Legionella pneumophila is a Gram-negative bacteria that replicates inside protozoa in the environment but can also replicate within alveoloar macrophages, thereby causing a pneumonia-like disease called Legionnaires? disease. L. pneumophila is able to survive and replicate within normally bactericidal phagocytic cells by altering their endocytic pathway and preventing rapid phagosome-lysosome fusion. L. pneumophila perturbs normal host cell function by injecting a large number of virulence factors into the host cell cytoplasm via a type IVB secretion system (T4BSS). The L. pneumophila T4BSS is encoded by twenty- seven dot/icm genes, which encode a large macromolecular complex in the bacterial cell envelope. The Dot/Icm system is absolutely required for intracellular growth and virulence. In contrast, the majority of the ~300 Dot/Icm substrates appear to be dispensable for both traits due to multiple levels of redundancy. Therefore, the L. pneumophila Dot/Icm represents the most viable target for therapeutic intervention. Although a significant amount of information has been acquired about the assembly and function of the Dot/Icm system, many questions remain. This proposal will follow-up on a number of recent advances on the Dot/Icm T4BSS. These include the discovery that the Dot/Icm system is located at the poles of the bacterium and polar export of substrates by this specialized secretion system is required for proper intracellular targeting of the LCV (Legionella containing vacuole). The second major advance was the determination of the structure of the c-terminus of DotL bound to the secretion chaperones. The final advance was the acquisition of the first image of this secretion apparatus by cryoEM. Overall this research relates to human health in several ways. First, establishing the mechanism used by L. pneumophila to survive and replicate inside macrophages will provide additional insight into how it causes disease and may reveal novel targets to be used for drug therapy. Second, since specialized secretion systems are commonly used by a variety of bacterial pathogens, knowledge gained about the L. pneumophila secretion apparatus is likely to be applicable to understanding the molecular mechanisms of virulence used by other pathogens, and could serve as the basis to prevent or treat a number of different diseases.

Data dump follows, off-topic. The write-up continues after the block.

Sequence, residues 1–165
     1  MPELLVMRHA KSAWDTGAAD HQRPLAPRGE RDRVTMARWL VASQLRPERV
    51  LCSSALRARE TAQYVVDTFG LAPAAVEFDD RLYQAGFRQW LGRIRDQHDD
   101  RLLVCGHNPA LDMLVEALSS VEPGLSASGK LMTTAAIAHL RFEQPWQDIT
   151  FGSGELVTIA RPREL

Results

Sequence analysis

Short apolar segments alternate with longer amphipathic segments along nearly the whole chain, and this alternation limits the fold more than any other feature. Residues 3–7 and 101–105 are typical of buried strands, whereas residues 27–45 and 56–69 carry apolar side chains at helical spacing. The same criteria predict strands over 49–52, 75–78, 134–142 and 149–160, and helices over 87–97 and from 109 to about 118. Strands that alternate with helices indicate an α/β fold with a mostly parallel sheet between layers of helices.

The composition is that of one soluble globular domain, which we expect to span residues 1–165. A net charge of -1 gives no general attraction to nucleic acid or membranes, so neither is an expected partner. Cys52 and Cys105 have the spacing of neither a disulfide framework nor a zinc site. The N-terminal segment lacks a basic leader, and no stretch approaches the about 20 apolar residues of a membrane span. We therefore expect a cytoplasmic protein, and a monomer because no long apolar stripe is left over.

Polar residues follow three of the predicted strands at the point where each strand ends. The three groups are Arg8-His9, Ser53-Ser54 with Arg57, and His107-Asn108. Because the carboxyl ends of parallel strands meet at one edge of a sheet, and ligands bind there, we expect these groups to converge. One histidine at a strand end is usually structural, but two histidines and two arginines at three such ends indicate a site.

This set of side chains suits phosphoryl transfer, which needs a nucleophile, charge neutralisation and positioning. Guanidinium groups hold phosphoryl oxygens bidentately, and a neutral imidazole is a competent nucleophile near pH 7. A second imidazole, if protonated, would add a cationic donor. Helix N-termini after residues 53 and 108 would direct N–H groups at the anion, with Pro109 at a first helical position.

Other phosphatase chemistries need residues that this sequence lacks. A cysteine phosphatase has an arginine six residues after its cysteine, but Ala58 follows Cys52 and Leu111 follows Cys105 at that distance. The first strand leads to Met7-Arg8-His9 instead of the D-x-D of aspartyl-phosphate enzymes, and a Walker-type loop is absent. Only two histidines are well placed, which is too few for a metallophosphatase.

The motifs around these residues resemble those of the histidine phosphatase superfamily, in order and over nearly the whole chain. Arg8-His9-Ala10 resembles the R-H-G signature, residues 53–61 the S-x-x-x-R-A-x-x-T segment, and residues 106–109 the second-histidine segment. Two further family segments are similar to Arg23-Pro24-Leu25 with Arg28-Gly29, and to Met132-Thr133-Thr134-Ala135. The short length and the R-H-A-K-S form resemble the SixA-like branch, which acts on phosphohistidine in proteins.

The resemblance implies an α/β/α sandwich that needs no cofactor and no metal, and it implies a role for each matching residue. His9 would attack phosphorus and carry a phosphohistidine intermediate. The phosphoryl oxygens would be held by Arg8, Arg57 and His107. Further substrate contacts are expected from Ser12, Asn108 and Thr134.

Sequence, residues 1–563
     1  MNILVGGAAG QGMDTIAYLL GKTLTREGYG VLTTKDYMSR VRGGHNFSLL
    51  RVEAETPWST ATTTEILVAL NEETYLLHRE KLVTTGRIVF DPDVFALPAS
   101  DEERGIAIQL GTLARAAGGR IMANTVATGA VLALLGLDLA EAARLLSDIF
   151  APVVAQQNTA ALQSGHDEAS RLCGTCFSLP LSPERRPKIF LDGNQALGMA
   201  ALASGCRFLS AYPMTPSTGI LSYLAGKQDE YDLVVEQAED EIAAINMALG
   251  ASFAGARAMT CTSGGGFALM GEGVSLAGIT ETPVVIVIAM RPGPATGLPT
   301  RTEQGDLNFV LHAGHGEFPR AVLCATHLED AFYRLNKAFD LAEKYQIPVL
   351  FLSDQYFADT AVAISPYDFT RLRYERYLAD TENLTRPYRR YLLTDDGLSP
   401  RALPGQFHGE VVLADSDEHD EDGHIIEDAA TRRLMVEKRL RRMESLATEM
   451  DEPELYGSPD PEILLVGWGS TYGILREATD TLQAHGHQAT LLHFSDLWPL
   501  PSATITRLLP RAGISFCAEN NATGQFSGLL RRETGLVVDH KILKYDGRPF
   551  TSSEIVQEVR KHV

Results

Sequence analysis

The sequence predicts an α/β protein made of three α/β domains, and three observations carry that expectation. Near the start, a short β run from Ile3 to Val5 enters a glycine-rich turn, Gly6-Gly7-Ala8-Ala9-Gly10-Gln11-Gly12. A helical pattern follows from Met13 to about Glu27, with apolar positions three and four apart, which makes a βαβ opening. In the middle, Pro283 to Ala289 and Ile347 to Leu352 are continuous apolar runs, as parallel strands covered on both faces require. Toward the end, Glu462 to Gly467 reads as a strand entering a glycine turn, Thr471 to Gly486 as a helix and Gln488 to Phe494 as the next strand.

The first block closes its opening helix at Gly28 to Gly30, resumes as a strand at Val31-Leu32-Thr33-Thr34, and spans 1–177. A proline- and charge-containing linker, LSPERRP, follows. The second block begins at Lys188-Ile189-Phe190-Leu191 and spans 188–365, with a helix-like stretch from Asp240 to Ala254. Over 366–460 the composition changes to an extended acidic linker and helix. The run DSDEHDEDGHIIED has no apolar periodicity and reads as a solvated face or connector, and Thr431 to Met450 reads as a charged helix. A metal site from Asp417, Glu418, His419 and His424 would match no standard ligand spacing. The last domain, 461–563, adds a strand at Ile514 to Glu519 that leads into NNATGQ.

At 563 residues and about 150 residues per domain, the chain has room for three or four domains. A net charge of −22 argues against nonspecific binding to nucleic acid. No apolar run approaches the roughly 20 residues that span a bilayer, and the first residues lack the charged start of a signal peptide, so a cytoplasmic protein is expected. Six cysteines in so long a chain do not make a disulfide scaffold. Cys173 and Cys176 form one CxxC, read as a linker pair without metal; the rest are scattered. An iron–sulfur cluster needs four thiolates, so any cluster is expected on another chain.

This proposal outlines a global plan to further characterize the Legionella pneumophila Dot/Icm type IVB secretion system (T4BSS). Acquired information will provide key information for future therapeutic approaches to treating bacterial infections.